Donald Trump, Technology, Business, Facebook, Media, Social Media, Misinformation, Congress, Capitol Siege

Donald Trump, Technology

Amid the Capitol riot, Facebook faced its own insurrection

WASHINGTON (AP) — As supporters of Donald Trump stormed the U.S. Capitol on Jan. 6th, battling police and forcing lawmakers into hiding, an insurrection of a different kind was taking place inside the world’s largest social media company.

10/23/2021 5:01:00 AM

New internal documents provided by former Facebook employee-turned-whistleblower Frances Haugen provide a rare glimpse into how the company failed to control misinformation on its social network leading up to the Jan. 6 U.S. Capitol riot.

WASHINGTON (AP) — As supporters of Donald Trump stormed the U.S. Capitol on Jan. 6th, battling police and forcing lawmakers into hiding, an insurrection of a different kind was taking place inside the world’s largest social media company.

It’s a question that still hangs over the company today, as Congress and regulators investigate Facebook’s part in the Jan. 6 riots.New internal documents provided by former Facebook employee-turned-whistleblower Frances Haugen provide a rare glimpse into how the company appears to have simply stumbled into the Jan. 6 riot. It quickly became clear that even after years under the microscope for insufficiently policing its platform, the social network had missed how riot participants spent weeks vowing — on Facebook itself — to stop Congress from certifying Joe Biden’s election victory.

Prison Acknowledges Security Lapse That Led To Ghislaine Maxwell Spending Night In Noose Room Justices' abortion remarks: Is it time to overturn Roe? | AP News Signs Your Mother-In-Law Actually Hates You

The documents also appear to bolster Haugen’s claim that Facebook put its growth and profits ahead of public safety, opening the clearest window yet into how Facebook’s conflicting impulses — to safeguard its business and protect democracy — clashed in the days and weeks leading up to the attempted Jan. 6 coup.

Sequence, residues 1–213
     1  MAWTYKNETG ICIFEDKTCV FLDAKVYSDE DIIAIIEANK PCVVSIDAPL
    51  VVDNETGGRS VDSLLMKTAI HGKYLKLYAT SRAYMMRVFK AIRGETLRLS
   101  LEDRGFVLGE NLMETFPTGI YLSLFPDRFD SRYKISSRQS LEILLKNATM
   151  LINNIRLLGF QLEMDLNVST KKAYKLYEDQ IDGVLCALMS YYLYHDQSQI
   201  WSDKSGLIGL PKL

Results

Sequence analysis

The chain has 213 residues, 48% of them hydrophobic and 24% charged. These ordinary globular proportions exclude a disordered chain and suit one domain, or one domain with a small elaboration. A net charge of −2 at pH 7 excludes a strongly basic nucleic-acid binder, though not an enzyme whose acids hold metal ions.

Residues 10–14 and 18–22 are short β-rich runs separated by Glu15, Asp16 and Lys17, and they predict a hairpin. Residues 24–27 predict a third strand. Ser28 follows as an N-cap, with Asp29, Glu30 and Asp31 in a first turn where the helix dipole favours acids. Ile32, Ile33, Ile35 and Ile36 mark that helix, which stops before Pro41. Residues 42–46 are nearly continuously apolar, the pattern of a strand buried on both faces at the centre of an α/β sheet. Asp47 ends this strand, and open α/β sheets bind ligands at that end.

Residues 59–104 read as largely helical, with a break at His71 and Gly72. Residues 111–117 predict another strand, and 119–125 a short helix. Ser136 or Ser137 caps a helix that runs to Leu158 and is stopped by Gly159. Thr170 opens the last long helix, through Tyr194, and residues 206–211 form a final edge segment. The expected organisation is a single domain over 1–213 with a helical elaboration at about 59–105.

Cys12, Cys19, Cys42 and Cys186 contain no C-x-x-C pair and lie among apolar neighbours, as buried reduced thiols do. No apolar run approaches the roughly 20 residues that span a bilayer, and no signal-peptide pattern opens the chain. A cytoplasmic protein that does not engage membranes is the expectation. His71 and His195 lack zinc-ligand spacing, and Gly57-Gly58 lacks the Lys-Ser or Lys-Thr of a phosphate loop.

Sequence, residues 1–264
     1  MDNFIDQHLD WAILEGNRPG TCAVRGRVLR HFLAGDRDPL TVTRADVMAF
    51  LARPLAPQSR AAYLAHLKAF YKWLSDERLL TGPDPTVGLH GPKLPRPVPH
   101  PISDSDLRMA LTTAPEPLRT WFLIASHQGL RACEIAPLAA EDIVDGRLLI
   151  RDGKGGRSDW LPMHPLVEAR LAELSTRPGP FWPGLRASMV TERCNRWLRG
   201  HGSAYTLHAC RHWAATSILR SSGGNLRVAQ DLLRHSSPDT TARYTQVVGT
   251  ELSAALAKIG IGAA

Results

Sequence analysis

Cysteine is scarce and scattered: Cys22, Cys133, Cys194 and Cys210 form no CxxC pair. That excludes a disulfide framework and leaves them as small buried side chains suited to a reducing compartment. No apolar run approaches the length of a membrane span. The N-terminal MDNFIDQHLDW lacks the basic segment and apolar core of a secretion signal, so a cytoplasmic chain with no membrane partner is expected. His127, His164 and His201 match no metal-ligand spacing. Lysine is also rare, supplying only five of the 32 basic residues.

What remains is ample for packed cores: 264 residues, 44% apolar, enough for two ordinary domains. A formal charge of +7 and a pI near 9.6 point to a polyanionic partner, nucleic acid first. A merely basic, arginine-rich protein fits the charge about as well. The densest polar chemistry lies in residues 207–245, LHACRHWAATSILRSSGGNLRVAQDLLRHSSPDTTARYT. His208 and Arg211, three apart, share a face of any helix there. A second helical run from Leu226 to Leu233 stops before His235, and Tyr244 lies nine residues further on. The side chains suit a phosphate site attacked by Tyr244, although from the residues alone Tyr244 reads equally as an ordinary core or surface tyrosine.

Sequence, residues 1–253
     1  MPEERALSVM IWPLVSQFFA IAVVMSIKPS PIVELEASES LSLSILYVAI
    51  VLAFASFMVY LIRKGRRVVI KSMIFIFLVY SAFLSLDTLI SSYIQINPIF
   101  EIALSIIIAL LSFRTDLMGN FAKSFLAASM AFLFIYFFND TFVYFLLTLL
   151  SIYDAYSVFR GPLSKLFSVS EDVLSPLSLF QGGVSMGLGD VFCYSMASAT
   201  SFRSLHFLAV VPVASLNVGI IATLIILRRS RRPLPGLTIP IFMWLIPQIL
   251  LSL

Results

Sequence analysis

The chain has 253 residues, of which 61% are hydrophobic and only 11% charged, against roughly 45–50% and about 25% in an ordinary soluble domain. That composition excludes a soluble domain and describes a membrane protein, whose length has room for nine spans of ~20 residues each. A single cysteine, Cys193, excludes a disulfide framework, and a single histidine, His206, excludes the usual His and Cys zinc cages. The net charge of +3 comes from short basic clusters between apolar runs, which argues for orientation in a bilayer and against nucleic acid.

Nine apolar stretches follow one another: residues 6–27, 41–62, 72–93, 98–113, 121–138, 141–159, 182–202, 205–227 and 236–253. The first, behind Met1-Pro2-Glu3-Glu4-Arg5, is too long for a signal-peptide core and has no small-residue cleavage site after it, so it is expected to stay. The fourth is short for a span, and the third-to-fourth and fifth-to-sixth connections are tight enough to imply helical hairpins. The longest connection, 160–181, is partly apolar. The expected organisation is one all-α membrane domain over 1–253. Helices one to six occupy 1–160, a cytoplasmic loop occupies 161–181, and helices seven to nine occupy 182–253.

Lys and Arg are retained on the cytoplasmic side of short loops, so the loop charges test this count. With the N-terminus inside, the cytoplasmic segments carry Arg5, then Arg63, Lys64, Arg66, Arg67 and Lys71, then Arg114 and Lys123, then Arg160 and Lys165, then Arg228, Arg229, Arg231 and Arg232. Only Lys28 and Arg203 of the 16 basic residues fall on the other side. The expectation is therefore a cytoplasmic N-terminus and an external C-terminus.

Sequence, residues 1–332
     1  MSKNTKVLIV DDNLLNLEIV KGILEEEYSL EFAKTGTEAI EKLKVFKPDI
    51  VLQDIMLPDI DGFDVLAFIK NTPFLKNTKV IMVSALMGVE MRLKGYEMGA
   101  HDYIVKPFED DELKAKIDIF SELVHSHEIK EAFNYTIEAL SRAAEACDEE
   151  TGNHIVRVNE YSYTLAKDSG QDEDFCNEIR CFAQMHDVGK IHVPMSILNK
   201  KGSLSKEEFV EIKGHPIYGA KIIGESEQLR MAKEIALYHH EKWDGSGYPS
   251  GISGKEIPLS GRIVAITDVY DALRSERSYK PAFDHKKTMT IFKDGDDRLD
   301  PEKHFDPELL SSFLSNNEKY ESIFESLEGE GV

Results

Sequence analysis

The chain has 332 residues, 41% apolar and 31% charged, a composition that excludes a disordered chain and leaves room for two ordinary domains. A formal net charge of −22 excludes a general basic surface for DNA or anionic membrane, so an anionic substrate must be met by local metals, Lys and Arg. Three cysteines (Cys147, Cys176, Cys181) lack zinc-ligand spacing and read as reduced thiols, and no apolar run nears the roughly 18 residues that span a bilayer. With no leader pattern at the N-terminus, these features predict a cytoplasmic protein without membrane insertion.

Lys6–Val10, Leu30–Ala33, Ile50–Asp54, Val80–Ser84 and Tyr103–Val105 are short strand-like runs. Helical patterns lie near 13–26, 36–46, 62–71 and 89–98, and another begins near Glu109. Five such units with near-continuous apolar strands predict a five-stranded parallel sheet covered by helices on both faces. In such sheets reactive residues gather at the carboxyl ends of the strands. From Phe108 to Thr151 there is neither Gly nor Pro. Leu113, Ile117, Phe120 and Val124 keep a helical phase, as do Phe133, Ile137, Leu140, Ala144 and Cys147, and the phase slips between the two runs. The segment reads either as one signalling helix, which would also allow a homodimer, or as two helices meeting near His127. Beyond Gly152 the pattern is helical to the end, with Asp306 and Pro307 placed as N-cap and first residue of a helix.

This story is based in part on disclosures Haugen made to the Securities and Exchange Commission and provided to Congress in redacted form by Haugen’s legal counsel. The redacted versions received by Congress were obtained by a consortium of news organizations, including The Associated Press. headtopics.com

What Facebook called “Break the Glass” emergency measures put in place on Jan. 6 were essentially a toolkit of options designed to stem the spread of dangerous or violent content that the social network had first used in the run-up to the bitter 2020 election. As many as 22 of those measures were rolled back at some point after the election, according to an internal spreadsheet analyzing the company’s response.

ADVERTISEMENT“As soon as the election was over, they turned them back off or they changed the settings back to what they were before, to prioritize growth over safety,” Haugen said in an interview with “60 Minutes.”An internal Facebook report following Jan. 6, previously reported by BuzzFeed, faulted the company for having a “piecemeal” approach to the rapid growth of “Stop the Steal” pages, related misinformation sources, and violent and inciteful comments.

Facebook says the situation is more nuanced and that it carefully calibrates its controls to react quickly to spikes in hateful and violent content, as it did on Jan 6. The company said it’s not responsible for the actions of the rioters and that having stricter controls in place prior to that day wouldn’t have helped.

Facebook’s decisions to phase certain safety measures in or out took into account signals from the Facebook platform as well as information from law enforcement, said spokeswoman Dani Lever. “When those signals changed, so did the measures.”Lever said some of the measures stayed in place well into February and others remain active today. headtopics.com

Tips on buying a cheap Italy house from those who've done it Melissa Mills, daughter of 'Jane Roe' speaks out on Supreme Court Case Workers are ghosting employers. Here's how companies can combat no-shows

Some employees were unhappy with Facebook’s managing of problematic content even before the Jan. 6 riots. One employee who departed the company in 2020 left a long note charging that promising new tools, backed by strong research, were being constrained by Facebook for “fears of public and policy stakeholder responses” (translation: concerns about negative reactions from Trump allies and investors).